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$ rcp remote-system-name:source-file copy-file
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In the next example, the user copies the file wednesday from the remote system violet to her own system and renames the file today:
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$ rcp violet:wednesday today
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You can also use scp or rcp to copy whole directories to or from a remote system The scp command with the -r option copies a directory and all its subdirectories from one system to another Like the cp command, these commands require source and destination directories The directory on the remote system requires that the system name and colon be placed before the directory name When you copy a directory from your own system to a remote system, the copy directory is on the remote system and requires the remote system s name In the next example, the user uses the scp command to copy the directory letters to the directory oldnotes on the remote system violet:
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$ scp -r letters violet:oldnotes
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PART IV
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NOTE For backups or copying a large number of files, use rsync
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At times, you may need to execute a single command on a remote system The rsh command executes a Linux command on another system and displays the results on your own Your system name and login name must, of course, be in the remote system s k5login file For SSH-enabled network connections, you can use ssh instead of rsh The ssh and rsh commands take two general arguments: a system name and a Linux command The syntax is as follows:
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$ rsh remote-system-name Linux-command
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Part IV:
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In the next example, the rsh command executes an ls command on the remote system violet to list the files in the /home/robert directory on violet:
$ rsh violet ls /home/robert
Special characters are evaluated by the local system unless quoted If you quote a special character, it becomes part of the Linux command evaluated on the remote system Quoting redirection operators enables you to perform redirection operations on the remote system In the next example, the redirection operator is quoted It becomes part of the Linux command, including its argument, the filename myfiles The ls command then generates a list of filenames that is redirected on the remote system to a file called myfiles, also located on the remote system
$ ssh violet ls /home/robert '>' myfiles
The same is true for pipes The first command (shown next) prints the list of files on the local system s printer The standard output is piped to your own line printer In the second command, the list of files is printed on the remote system s printer The pipe is quoted and evaluated by the remote system, piping the standard output to the printer on the remote system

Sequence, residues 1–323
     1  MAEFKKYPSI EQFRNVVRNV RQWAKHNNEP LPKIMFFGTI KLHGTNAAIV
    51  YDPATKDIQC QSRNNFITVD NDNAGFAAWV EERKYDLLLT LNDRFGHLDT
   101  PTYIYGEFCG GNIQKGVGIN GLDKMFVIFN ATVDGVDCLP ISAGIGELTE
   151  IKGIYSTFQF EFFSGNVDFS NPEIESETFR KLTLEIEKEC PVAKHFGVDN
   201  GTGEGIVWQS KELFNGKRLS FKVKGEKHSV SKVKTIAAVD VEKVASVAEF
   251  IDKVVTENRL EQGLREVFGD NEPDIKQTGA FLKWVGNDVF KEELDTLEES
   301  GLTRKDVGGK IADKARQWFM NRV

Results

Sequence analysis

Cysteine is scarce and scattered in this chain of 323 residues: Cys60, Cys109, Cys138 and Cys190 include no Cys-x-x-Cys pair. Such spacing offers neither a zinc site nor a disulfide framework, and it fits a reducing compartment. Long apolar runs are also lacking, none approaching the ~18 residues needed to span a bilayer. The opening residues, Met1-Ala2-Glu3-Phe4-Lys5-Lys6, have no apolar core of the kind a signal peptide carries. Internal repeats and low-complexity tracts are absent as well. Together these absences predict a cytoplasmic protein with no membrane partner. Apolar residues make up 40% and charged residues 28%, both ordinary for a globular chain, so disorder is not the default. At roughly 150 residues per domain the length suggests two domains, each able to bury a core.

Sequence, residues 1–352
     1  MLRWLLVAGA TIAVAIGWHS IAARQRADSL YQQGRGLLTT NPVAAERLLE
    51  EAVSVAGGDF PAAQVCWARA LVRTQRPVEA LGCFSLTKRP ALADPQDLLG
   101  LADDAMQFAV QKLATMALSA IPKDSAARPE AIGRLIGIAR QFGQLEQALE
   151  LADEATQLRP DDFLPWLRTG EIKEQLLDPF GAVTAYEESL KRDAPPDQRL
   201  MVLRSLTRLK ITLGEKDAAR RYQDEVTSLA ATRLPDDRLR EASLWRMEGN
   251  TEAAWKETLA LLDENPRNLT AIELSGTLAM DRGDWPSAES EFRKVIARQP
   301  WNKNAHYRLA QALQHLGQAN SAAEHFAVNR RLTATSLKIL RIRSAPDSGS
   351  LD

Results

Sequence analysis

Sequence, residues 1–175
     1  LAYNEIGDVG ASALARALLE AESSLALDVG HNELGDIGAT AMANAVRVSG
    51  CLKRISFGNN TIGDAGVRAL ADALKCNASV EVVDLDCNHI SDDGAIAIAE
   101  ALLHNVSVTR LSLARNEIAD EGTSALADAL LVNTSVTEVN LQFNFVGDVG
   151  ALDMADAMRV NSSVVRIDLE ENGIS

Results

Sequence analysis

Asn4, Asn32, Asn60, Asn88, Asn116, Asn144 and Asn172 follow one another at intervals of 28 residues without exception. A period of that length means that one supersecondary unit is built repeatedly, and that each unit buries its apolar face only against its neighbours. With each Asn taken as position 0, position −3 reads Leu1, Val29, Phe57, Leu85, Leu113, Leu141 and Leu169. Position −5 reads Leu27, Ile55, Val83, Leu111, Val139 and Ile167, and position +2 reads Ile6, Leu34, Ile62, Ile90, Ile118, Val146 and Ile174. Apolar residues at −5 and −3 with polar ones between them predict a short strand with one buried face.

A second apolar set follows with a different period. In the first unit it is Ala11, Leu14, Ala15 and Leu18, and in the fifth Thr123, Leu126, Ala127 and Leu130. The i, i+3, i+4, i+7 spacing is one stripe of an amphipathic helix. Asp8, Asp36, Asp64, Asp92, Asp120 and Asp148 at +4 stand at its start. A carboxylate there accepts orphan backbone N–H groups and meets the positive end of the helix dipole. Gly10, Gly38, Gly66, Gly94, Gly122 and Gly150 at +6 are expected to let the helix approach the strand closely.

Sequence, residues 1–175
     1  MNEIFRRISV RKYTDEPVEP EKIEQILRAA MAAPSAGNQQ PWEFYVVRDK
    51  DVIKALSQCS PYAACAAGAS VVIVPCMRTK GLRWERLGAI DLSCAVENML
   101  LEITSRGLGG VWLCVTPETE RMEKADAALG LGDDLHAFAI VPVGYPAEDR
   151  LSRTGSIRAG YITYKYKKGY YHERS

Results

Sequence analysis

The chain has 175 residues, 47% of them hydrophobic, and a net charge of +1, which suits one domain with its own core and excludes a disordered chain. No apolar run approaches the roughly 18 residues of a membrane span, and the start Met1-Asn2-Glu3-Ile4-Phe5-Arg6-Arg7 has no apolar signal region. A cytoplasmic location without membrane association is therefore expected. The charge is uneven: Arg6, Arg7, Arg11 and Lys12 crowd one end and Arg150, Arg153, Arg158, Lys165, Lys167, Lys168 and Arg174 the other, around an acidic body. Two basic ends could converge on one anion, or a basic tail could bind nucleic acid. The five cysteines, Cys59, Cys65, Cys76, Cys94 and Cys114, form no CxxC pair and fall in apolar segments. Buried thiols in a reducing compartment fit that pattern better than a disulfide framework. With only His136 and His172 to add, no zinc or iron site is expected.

$ ssh violet ls /home/robert | lpr $ ssh violet ls /home/robert '|' lpr
NOTE The Kerberos versions of the remote commands also let you specify Kerberos realms and
credentials
PART
Security
CHAPTER 16 Encryption, Integrity Checks, and Signatures CHAPTER 17 Security-Enhanced Linux CHAPTER 18 IPsec and Virtual Private Networks CHAPTER 19 Secure Shell and Kerberos CHAPTER 20 Firewalls
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CHAPTER
Encryption, Integrity Checks, and Signatures
ou can use encryption, integrity checks, and digital signatures to protect data transmitted over a network For example, the GNU Privacy Guard encryption package lets you encrypt your email messages or files you want to send, as well as letting you sign them with an encrypted digital signature authenticating that the message was sent by you The digital signature also includes encrypted modification digest information that provides an integrity check, allowing the recipient to verify that the message received is the original and not one that has been changed or substituted This type of encryption was originally implemented with Pretty Good Privacy (PGP) Originally a privately controlled methodology, it was handed over to the Internet Engineering Task Force (IETF) to support an open standard for PGP called OpenPGP (see Table 16-1) Any project can use OpenPGP to create encryption applications, such as GnuPGP Commercial products for PGP are still developed by the PGP Corporation, which also uses the OpenPGP standard
Public Key Encryption, Integrity Checks, and Digital Signatures
Encrypting data is the only sure way to secure data transmitted over a network Encrypt data with a key, and the receiver or receivers can later decrypt it To fully protect data transmitted over a network, you should not only encrypt it, but also check that it has not been modified, as well as confirm that it was actually created by the claimed author An encrypted message could still be intercepted and modified and then reencrypted Integrity checks such as modification digests make sure that the data was not altered Though encryption and integrity checks protect the data, they do not authenticate it You also need to know that the person who claimed to send a message actually is the one who sent it, rather than an imposter To authenticate a message, the author can sign it using a digital signature This signature can also be encrypted, allowing the receiver to validate it Digital signatures ensure that the message you receive is authentic
Part V:
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